Fate Cards are used to change the course of the game for a player. The cards in question are Tarot Cards, and while the game shows how one could use regular playing cards to achieve the same effects, use the Tarot. It’s gonna be more fun, and who knows? Maybe between Cheetos runs someone can learn enough to be able to do fortunes on the side. The minor arcana are used to modify skill tests, and suit is associated with a particular set of skills (as another chart shows), while the major arcana are used to affect game play in a major way–though “major” is a definition set by the GM, ’cause the last thing a GM wants is a bunch of throttle heads ripping though the game version of the Ottoman Empire laying waste to everything because they somehow managed to load up on major arcana cards.
The tips on gaming philosophy are short but important. Too many times a GM can get lost in the idea that it’s their story and the Players are but characters on a stage to be sucker punched and mutilated at the GM’s leisure. And the first bullet point of “Be a Good Loser” is something GMs and gamers alike should take to heart.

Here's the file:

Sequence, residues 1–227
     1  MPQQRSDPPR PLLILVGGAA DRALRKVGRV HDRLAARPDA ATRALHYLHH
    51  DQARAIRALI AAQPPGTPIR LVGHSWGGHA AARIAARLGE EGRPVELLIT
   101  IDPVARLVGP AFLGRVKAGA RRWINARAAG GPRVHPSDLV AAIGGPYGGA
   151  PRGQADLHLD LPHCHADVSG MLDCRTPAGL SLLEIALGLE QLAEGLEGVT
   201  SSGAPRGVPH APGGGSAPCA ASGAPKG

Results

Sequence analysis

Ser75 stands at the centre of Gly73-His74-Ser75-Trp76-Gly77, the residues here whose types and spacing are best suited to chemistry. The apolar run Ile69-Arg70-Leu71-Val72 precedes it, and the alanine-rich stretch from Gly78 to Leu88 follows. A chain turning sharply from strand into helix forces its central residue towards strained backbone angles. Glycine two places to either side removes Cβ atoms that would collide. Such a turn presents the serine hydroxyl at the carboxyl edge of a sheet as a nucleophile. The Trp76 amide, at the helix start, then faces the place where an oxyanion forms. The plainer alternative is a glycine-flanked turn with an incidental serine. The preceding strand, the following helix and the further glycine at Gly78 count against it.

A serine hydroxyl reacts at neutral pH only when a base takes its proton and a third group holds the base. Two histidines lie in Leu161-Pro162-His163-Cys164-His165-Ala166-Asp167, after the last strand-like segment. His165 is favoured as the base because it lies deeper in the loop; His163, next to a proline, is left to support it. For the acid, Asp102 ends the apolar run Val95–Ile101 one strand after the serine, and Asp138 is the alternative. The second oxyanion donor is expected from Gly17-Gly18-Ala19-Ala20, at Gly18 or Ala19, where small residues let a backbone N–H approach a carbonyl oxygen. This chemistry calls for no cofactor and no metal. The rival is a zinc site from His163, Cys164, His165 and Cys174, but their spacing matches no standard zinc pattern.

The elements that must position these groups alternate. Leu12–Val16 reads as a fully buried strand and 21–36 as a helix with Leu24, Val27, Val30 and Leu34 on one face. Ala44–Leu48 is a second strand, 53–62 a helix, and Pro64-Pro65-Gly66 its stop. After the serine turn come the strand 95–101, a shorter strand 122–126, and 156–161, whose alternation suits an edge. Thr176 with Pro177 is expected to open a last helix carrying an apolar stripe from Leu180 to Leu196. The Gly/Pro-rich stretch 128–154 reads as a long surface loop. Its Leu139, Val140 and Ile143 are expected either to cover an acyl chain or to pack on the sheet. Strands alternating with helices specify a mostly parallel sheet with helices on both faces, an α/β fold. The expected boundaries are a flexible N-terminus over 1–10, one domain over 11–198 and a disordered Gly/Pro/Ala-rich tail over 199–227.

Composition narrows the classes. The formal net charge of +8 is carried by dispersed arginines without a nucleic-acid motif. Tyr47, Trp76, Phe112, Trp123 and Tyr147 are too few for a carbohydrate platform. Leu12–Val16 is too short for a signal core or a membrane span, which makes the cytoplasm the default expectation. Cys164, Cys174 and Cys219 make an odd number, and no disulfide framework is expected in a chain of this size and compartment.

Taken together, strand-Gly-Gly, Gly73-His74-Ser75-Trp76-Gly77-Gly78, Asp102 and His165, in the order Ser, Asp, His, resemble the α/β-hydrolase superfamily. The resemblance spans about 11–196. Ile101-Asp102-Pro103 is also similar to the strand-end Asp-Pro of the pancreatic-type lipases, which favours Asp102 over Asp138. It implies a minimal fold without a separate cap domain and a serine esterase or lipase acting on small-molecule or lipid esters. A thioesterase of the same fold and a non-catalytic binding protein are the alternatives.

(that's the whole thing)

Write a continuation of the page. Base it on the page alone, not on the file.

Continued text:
And lastly, the world. It’s a rich one; Euro-centric (Britannia rules the waves with a very spry Queen Victoria on the throne–no word if she’s a werewolf, though) with Germans and Russians ready to cause trouble, and a British-controlled Ottoman Empire and a weak Austria-Hungary and pint-sized United States that still can’t get west of the Miss Hip because of those magical natives (or “aboriginal tribes” as they’re called in the book) kicked into the mix, along with the Aztlan and Inka Empires waiting in the wings to turn everything into a three-ring circus. There is a very nice time line of how the world got to the present era (and you wanna make me happy? Timelines. I love them) as well as a quick run through Constantinople to get everyone in the mood for the Steamy and Punky. If there is anything I could fault, it would be some maps of the world, but otherwise–the world is a wonderful, living thing.
Yes, there are few typos here and there, but nothing that would make me throw the book across the room (and since I do everything on PDFs I don’t know that I’d want to send my Seagate through a wall), and the combination of detail of the world with the simplicity of character creation and game play make this one game I would put at the top of a list to play. It has it all: adventure, romance, the world as a stage–and mad science! The steampunk heart is worn on the sleeve here–so what more are you looking for?
Pack your bags; I hear your airship getting ready to depart.
Review by Ray Frazee